The below is an extract from my presentation at SQL Saturday 252 on high availability and disaster recovery. This post deals with the concepts of RTO and RPO.
Let’s start by covering off just what we are talking about when we are using these terms – Higher Availability and Disaster Recovery. Basically what we are referring to is a couple of acronyms – RTO and RPO. That’s Recovery Time Objective and Recovery Point Objective. Or put another way, how long can a service be down, and how much data loss is acceptable following an outage.
Now, in a lot of places these aren’t defined. They are replaced by things like “best efforts” and the expectations are that you’ll get things up as soon as you can and lose as little as you can. This is a dangerous mentality, because it should be the expectation anyway. If you have a recovery time objective of an hour, and you get things fixed after 15 minutes, you aren’t going to look at your watch, see you’ve got another 45 minutes before your RTO runs out so go get a cup of coffee before you throw the switch. You’re gonna turn stuff back on and then get the coffee. Ditto for the RPO. If you can retrieve all the data, you will do that, not delete or not restore up to the defined RPO. Of course you are going to do things as quick as you can and lose as little as you can.
When I say it’s dangerous I’m looking at the outage that drags out. If things take an hour to bring back online, or if 15 minutes of transactions are lost….or if you don’t know how much data is lost…then you put yourself in a position where someone can come back and question if your “Best Effort” was good enough, or perhaps if someone else might have done things better.
So you need to get these things defined by the business, or the application owner etc. If they can’t give you hard numbers, or if they just drag the chain on doing it, then you need to give the numbers to them. Tell them…”Okay, right now if this system goes down we stand to lose 15 minutes data and it’s take me an hour to bring everything back up.” If they accept that – fantastic, you now have a documented RTO and RPO. If they don’t then you’ve started the conversation about what additional resource you need to hit a different target.
Another important consideration for the recovery time objective is when the clock starts. If you have an RTO of 1 hour – is that one hour from the time the issue arises, one hour from the time an automated alert is sent. 1 hour from the time you see that alert, or one hour from the time you actually get onto the server to look at the problem or one hour from the time the decision is made that you need to invoke DR. Obviously this matters.
The bottom line is that if you don’t have those two numbers defined then you cannot define whether your higher availability and disaster recovery strategy is a success or not.
A note on ‘uptime’
Now when we define successful uptime it’s often defined as a percentage or number of 9’s. Let’s take a quick look at that. Let’s say you go to your boss and say we had 95% uptime. That’s a nice number right? On a test you’d be happy with a 95? But in uptime terms that translates to 72 minutes downtime every day, or over 18 days a year of downtime. So the more 9’s we add the narrower those allowances become. At 99.999% downtime we are talking about less than a second per day and just over 5 minutes per year. So basically you are talking one unscheduled restart a year.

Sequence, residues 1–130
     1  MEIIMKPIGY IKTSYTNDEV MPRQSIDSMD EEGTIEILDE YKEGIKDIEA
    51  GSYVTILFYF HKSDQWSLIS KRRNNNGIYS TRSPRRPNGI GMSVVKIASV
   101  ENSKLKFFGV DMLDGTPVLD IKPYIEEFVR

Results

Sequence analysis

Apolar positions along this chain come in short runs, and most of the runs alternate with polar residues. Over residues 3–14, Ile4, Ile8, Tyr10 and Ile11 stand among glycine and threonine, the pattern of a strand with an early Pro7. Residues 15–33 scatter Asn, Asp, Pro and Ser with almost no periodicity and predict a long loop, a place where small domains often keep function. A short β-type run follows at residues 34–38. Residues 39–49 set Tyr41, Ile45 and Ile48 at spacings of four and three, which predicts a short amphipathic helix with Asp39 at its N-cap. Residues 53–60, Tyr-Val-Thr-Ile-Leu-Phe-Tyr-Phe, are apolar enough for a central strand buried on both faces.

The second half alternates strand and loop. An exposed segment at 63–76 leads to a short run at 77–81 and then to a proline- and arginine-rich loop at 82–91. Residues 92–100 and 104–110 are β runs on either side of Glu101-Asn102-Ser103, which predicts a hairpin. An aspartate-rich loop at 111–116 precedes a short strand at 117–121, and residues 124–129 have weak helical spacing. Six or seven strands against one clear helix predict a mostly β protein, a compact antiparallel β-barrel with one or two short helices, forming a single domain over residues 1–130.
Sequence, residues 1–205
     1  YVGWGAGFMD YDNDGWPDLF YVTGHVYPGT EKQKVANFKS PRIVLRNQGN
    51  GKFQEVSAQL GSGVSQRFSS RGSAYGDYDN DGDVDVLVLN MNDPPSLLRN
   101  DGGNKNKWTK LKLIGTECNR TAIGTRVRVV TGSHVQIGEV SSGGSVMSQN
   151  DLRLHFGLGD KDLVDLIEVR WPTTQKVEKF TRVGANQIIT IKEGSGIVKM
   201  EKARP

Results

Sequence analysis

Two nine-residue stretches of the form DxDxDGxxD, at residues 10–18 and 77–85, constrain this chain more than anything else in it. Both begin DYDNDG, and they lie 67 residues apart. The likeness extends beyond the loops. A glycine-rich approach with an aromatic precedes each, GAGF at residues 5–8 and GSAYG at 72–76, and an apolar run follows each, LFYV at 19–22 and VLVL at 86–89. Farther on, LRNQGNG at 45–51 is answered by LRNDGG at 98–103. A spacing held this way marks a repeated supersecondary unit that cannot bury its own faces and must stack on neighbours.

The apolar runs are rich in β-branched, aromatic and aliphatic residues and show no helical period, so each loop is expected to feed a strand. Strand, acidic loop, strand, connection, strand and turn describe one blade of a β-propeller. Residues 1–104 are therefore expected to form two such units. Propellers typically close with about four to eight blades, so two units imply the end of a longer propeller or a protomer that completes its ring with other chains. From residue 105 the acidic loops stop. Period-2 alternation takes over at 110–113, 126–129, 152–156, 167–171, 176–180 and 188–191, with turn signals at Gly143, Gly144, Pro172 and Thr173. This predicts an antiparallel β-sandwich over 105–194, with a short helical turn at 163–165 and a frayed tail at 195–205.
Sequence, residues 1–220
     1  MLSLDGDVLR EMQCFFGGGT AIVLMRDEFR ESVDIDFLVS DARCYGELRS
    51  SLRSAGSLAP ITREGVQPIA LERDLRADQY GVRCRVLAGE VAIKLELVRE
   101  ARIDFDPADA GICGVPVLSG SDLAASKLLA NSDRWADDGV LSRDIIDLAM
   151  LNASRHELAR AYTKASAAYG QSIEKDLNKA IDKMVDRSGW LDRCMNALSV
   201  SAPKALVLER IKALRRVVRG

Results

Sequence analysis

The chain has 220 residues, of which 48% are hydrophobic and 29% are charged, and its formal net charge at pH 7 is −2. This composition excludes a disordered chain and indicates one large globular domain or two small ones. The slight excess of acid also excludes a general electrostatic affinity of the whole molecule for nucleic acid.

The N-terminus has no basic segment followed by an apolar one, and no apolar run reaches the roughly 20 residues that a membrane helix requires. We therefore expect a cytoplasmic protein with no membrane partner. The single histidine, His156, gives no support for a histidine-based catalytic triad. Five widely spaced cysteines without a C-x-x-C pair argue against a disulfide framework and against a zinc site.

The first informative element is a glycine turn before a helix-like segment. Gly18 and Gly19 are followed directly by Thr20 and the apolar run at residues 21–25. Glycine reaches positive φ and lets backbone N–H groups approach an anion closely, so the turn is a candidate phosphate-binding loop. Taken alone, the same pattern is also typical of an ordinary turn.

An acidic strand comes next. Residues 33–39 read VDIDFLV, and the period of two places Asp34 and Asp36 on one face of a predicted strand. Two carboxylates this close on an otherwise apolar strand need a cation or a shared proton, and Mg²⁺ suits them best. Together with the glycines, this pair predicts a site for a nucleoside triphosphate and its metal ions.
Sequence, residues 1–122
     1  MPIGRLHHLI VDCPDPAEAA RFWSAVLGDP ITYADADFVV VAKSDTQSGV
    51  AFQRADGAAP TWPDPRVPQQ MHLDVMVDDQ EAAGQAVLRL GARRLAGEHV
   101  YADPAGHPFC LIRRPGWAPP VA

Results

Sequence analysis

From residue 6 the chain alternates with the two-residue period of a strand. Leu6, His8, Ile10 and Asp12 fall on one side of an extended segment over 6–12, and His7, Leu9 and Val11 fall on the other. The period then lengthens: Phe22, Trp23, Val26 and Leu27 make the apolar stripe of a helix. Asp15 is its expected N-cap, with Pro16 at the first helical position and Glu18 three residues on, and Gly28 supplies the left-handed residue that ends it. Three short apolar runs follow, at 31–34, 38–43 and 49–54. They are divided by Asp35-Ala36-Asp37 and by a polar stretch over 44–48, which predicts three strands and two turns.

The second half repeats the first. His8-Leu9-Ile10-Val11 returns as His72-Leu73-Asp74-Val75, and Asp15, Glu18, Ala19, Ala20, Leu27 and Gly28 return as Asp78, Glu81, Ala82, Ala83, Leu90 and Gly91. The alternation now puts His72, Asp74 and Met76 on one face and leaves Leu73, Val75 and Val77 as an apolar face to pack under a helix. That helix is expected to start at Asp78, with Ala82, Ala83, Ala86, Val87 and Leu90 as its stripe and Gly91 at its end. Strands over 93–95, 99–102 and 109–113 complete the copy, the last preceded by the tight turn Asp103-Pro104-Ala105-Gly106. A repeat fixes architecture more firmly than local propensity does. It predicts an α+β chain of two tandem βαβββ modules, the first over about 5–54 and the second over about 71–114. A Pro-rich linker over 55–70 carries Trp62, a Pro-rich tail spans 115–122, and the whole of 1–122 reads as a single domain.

The final thing I want to talk about before we move on is the different types of disaster. You need to think of HA and DR basically like insurance policies. I live in Christchurch, which got rather smashed up in a recent earthquake, and once upon a time insurance policies were simple here. You insured your house for a lump sum, and so long as you kept up your regular maintenance(payments) then you knew that should disaster strike your insurance company would come along and you’d have your new house up and running within a sensible time(Currently insurance companies are defining ‘reasonable time as around 5-10 years). This is an example of responding to setting an RTO RPO with “Just do your best”. Who’s to say 5 years isn’t reasonable if it’s not defined? Nowadays you have to provide all types of addition information on that insurance policy – geotech reports and the like, because the Insurance companies have discovered that to replace a $400k house can often cost more that $400k.
In the SQL world it’s the same. We need to consider more than the SQL server when we are talking about these things, because SQL Servers are not independent of everything else in your infrastructure and they are affected by different types of ‘disaster’. You can have your server go down. You can have a patch fail. You can have your service account password changed and prevent SQL from starting. You can have network or active directory problems. Or you can have a data issue, where something that shouldn’t have been deleted is, where a “WHERE” clause is missed when executing a query.
And don’t forget this(We are in Christchurch so we are thinking of big natural disasters, and we are in IT so we know that sometimes hardware and software don’t do what you expect): But not all disasters are accidents. There are people out there who can and will deliberately do damage to your system – and anyone who came along to the SQL User Group a few months back will be able to see just how easily that can potentially happen.
So as we move through the rest of this presentation remember…..there are different sorts of disaster, and we need to consider those in our HA and DR strategy.